What to look out for during the festive season’s celebrations
With the festive season fast approaching and a number of work-related
events planned, a risk management strategy should be employed in advance
to ensure that every precaution is taken against possible accidents or
claims. As you may already know, company events are deemed to be in the
course of employment even if they take place outside of working hours.
Employers are not only responsible for the health and safety of their
staff, but may also be vicariously liable for the conduct of their
employees. We have prepared a short list of do’s and dont’s for managing
the risks associated with work-related events.
Attendance should be optional
Unless the Christmas party is during office hours, it is recommended that attendance should be optional to avoid putting pressure on particular employees with family responsibilities, or other considerations for non-attendance such as religious belief, otherwise you may fall foul of the Equality Act 2010.
Employees should be reminded that the Christmas party is a work-related activity and that general standards of appropriate behaviour should be adopted at all times. To minimise the risk of any issues arising, employees should also be reminded of specific activities that are expressly prohibited by the Employment Manual and that misconduct will not be tolerated and may result in disciplinary sanctions. The following should be covered:-
Misuse of drugs: It is a criminal offence for an employer to knowingly permit or even to ignore the use, production or supply of any controlled drugs in the course of employment. Employees should be reminded that any use of prohibited drugs may lead to summary dismissal.
Harassment: Following the case of the Chief Constable of Lincolnshire v Stubbs, employers run the risk of being sued for sexual harassment as office parties are considered to be an ‘extended version of the workplace’. Employees should be warned and a clear message should go out that such behaviour will not be tolerated.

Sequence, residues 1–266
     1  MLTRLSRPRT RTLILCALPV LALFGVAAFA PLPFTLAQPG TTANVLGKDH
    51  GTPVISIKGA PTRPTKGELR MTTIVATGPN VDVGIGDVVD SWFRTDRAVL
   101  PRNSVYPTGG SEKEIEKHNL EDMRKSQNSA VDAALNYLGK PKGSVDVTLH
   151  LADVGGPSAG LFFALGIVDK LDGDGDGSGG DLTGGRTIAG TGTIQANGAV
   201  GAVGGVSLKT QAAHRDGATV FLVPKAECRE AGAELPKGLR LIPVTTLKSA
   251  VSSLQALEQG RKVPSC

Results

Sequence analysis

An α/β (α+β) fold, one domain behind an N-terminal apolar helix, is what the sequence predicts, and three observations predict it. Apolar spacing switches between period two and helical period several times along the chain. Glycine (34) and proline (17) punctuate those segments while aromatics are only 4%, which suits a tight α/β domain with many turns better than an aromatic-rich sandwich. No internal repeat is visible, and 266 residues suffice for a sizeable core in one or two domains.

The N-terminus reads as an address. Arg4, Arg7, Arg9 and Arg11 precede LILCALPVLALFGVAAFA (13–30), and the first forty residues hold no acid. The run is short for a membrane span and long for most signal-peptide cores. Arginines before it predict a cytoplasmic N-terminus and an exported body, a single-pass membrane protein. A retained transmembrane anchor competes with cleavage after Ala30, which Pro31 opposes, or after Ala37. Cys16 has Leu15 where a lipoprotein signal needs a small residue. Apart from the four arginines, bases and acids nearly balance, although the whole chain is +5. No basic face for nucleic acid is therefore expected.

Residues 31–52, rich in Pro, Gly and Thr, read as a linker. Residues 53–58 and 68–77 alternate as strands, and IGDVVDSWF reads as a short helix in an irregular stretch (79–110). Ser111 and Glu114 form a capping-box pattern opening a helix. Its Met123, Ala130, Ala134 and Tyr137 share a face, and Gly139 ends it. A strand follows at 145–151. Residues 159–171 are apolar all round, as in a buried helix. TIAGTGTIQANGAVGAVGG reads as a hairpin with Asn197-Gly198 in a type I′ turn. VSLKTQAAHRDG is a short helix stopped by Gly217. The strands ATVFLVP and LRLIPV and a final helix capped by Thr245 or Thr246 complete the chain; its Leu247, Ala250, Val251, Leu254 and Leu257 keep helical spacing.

Social media: Employees should be reminded of your social media policy and that it applies to what goes on during the party. Any unacceptable posts on social media may warrant disciplinary sanctions.
Providing food and alcohol
As some employees may be vegetarian or not eat particular types of food due to their religious beliefs, a failure by the employer to enquire about dietary requirements and to provide alternative catering may result in indirect discrimination. The same applies to serving alcohol. Unless alternative non-alcoholic drinks are available, employees may claim that they have been discriminated against.
Dismissing an employee due to the alleged use of alcohol may not always be fair if proper procedure has not been followed. In McElroy v Cambridgeshire Community Services NHS Trust, the Claimant was employed as a healthcare assistant. Following reports that he smelt of alcohol, he was summary dismissed. However, there was no evidence of an adverse effect on the employee’s ability to do the job and the employee was not given any previous written warning under the employer’s disciplinary policy. In light of this, the dismissal was found to be unfair.
Employers owe a duty of care to their employees at office functions and therefore it is best to organise transport home, especially if the party finishes late at night. This will minimise the risk of liability arising from a drunk-driving accident following a Christmas party.
Absences the next day
It is somehow expected that some employees will simply not turn up to work after an office party, call in sick or come in late. Whilst the risk of this occurring may be reduced by warning the employees in advance that absences may result in disciplinary action, employers should ensure that any unauthorised absences are dealt with consistently. If you normally turn a blind eye to lateness or unauthorised absence the morning after the Christmas party, you should not use it as a reason to discipline or dismiss a particular employee.
Do not forget to switch off the Christmas lights
Remember that your building insurance may not cover damage caused by untested electrical equipment and as a safety precaution any electrical decorations, such as Christmas lights, should be switched off before leaving the office.